The amount of money spent by companies trying to capture the attention of the tens of thousands of people visiting SXSW this year will run in to many millions of dollars. The return they are likely to get on it is questionable. Part of the problem is that most will have set no clear goals; part is that even those that did will not have any way to measure whether or not they have been achieved, let alone quantify the value delivered as a result of their investment.
Let’s take Yahoo! as an example. I use it because it is one of the bigger names and it had a huge presence at the event, taking over one of Austin’s premier event and live music venues [according to its website], Brazos Hall. Other similar examples include GE, IBM and VISA.
I visited the Yahoo ‘Yodel’ House a couple of times during my trip to SXSW and they had spared no expense. There were the standard free drinks, lavish decoration in brand colours [which was changed on a regular basis], an AV set up that most local television stations would be envious of, venue managers, security, bar staff… you get the idea. On both occasions it was buzzing.
My question is what was the point? What did Yahoo! get out of it? The lounge was busy. People had a good time. They were able to recharge their devices. They had a few [more] free drinks. My question to them is, SO WHAT? What’s the tangible benefit? The return on investment?
My peers would claim that visitors were engaging with the brand. They’ll say the Yodel House created buzz; pictures were shared on Instagram; people were Meerkat-ing [sic]; tweeting; hashtagging… This is often called ’brand awareness’ or brand marketing [it might be awareness, but it’s not marketing] and that’s great, but it is also unquantifiable! It has no tangible value.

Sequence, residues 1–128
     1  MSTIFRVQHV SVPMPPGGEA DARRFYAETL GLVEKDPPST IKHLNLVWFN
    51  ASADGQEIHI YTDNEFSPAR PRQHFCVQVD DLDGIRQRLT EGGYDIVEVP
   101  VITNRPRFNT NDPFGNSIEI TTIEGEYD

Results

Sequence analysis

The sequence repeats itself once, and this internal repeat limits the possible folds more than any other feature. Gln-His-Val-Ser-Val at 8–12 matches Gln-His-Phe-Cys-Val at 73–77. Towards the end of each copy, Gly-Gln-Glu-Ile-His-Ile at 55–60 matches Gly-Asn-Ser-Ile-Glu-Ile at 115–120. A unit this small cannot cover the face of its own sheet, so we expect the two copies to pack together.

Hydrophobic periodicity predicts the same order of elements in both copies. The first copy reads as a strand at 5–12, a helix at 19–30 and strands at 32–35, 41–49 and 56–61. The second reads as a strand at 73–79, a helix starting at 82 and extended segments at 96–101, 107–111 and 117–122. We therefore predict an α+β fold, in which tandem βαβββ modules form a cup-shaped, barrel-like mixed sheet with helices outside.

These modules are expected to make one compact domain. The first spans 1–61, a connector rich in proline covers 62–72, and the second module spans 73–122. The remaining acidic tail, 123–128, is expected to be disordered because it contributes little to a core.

I use this not to single out Yahoo! but to illustrate a growing trend. Companies through huge amounts of money at making on awareness but without considering whether it makes financial sense to do so. Often there is little thought about what the long-term return will be, let alone the short-term one.
It’s a dangerous trend. Sure, companies like Yahoo! and their ilk can afford it. They have deep pockets. Some smaller companies have VC money they can “invest”, but the majority don’t. And, if there is no tangible value then surely the money could be better invested in other things? Things that are likely to deliver a return. Things that are likely to support the growth of the business – not just brand awareness for its own sake.
How many people that visited the Yahoo! lounge at SXSW will have gone home and changed their default search engine from Google to Yahoo!? I think you know the answer to that.
Startup and SmallBiz Marketing tip: understand what action you want people to take and focus your time, energy and money on achieving it. Successful marketing begins with strong relationships built via public relations.